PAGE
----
Dec 30, 2012; Minneapolis, MN, USA; Minnesota Vikings cornerback Josh Robinson (21) returns a kickoff by the Green Bay Packers in the third quarter at the Metrodome. The Vikings win 37-34. Mandatory Credit: Bruce Kluckhohn-USA TODAY Sports

Three Vikings Training Camp Battles to Watch

Training camp opens up on Friday and camp battles are sure to be as interesting as ever. In previous seasons under Leslie Frazier we went into it knowing the coach favored certain players and that Frazier’s sense of loyalty to certain players (ahem…Ponder) would override logic. This year with Mike Zimmer and his new staff taking over, training camp should be much less predictable. While there may be many battles, mostly for the back end of the roster, there are three that matter the most.

Linebacker

Right at the top of the list is the battle for two of the three linebacker positions, middle and strongside. Chad Greenway is all but assured his spot and is coming off of playing most of the season with a broken wrist and is expected to look better in a make or break year for him.

“Middle linebacker could very well end up being the most important battle in camp.”

Middle linebacker is a little more uncertain. Veteran Jasper Brinkley figures to be a slight favorite at the position but Audie Cole will have the inside track backed up by his play in 2013 that exceeded expectations. Middle linebacker could very well end up being the most important battle in  camp.The linebacker and defensive back units were without a doubt the two worst units on the team last year. The Vikings addressed the corner position with the signing of Captain Munnerlyn and Derek Cox and moving Josh Robinson to the outside. However, less certain action was taken with the linebacker unit.

The strong side spot is uncertain at this point. Anthony Barr certainly should be capable of nailing down that spot but there are questions about how exactly the Vikings intend to use him. One of the reasons he was predicted to be a top ten pick was that he had natural pass rushing and athletic abilities. The downside is that he is very raw from a technique point of view and only has two years of experience playing linebacker. There is also talk that he could move around the front seven, sometimes on the strong side as a linebacker and sometimes lined up as an edge rushing OLB in a 3-4 formation. This could mean that he may not actually spend the majority of snaps on the strong side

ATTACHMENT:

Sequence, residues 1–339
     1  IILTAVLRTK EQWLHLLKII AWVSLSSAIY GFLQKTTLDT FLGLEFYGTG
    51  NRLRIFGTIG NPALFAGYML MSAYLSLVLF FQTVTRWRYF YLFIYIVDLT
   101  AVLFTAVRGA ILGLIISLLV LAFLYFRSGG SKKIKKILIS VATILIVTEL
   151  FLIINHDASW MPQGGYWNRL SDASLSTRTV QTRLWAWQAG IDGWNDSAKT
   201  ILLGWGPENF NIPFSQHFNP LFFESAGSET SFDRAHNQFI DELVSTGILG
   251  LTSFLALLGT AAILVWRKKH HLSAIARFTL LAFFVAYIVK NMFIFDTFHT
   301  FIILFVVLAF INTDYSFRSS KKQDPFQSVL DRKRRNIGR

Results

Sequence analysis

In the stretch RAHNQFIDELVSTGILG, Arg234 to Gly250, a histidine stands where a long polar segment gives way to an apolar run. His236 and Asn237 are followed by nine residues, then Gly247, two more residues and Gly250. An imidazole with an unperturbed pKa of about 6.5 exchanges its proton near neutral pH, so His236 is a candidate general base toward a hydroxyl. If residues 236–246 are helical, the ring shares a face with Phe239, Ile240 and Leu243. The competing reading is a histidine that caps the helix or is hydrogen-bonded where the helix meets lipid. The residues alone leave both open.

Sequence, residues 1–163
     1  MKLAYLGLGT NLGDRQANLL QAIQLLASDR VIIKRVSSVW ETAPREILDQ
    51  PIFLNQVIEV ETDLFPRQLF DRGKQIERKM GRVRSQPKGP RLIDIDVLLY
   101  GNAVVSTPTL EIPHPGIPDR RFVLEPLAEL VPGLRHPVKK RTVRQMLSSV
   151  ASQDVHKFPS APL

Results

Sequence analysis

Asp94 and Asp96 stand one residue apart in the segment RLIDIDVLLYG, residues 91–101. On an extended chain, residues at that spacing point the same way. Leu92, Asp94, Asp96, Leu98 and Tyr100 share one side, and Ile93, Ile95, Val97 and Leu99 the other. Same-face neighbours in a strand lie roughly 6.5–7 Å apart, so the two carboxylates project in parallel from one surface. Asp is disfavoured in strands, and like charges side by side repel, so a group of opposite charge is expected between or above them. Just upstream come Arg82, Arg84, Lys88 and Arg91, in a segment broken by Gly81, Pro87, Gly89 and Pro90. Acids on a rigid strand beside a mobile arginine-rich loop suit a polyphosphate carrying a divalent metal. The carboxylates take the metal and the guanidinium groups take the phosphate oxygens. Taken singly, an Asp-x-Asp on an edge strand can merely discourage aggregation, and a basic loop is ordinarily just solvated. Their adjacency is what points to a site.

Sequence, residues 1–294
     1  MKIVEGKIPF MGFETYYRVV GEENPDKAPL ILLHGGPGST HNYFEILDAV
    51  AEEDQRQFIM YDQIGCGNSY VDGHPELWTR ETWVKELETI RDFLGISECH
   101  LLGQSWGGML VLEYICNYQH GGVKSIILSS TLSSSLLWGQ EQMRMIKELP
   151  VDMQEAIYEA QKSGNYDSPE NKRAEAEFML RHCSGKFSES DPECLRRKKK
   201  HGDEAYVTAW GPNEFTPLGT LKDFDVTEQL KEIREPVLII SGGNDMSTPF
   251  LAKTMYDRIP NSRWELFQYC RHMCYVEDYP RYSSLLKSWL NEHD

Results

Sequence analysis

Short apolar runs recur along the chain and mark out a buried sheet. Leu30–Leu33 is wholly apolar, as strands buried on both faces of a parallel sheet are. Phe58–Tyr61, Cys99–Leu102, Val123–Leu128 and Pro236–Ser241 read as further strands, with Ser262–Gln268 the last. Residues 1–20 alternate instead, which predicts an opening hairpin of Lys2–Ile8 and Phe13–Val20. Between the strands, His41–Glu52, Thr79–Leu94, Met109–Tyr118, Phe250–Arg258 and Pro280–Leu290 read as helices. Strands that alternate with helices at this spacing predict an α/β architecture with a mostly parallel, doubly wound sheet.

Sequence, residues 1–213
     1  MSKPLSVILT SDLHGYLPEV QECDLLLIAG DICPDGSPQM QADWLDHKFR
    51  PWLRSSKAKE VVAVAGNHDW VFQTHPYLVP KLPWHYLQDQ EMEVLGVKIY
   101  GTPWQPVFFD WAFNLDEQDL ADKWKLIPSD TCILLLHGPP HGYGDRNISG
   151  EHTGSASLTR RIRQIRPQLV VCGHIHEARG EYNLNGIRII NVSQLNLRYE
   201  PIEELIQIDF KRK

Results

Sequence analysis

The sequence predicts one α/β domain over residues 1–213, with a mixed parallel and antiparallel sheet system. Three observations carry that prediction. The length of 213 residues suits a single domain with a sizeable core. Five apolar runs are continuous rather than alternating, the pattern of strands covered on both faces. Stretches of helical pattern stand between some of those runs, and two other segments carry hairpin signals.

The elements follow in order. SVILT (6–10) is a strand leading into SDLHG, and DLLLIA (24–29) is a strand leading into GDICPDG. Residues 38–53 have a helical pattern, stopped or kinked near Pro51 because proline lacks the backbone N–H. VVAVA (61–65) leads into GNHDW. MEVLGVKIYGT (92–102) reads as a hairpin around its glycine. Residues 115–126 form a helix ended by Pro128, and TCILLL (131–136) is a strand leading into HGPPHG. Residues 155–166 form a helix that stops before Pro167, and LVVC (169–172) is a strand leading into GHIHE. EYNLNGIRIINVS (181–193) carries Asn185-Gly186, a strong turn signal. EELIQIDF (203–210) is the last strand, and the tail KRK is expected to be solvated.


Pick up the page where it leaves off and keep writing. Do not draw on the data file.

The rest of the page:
The Vikings could leave camp with Greenway, Brinkley and Cole as the starting linebackers, but heavily using Barr in certain pass rush packages and rotating in on the strong side. A note should be made that Brinkley is much less flexible than Cole, who could play on the outside. If Brinkley looks capable in training camp and preseason (and Cole as well) they may be in a situation where they would have to cut Brinkley so Cole can start in the middle or relegate Cole to a backup role.

Cole and Brinkley are polar opposites in some ways. Cole showed himself to be capable in coverage while Brinkley is basically a downhill smash them in the mouth run stopper. Cole suffered against the run, Brinkley looks completely out of his element in space. Should the Brinkley experiment not workout, keep an eye out for Mike Mauti who is said to have impressed coaching staff last year in practice and has looked good in OTAs. Ideally, Barr would step right in and solidify the strong side and then the Vikings could choose from Brinkley, Cole in the middle which would be a better option than possibly having to move Cole to the strong side.

Cornerback

The cornerbacks were by far the worst unit on the team last year, but they have addressed the issue with adding Munnerlyn and moving Robinson back to his more natural position. The Vikings have also signed Derek Cox who not long ago was a very good corner and he will compete with Robinson for the third corner spot.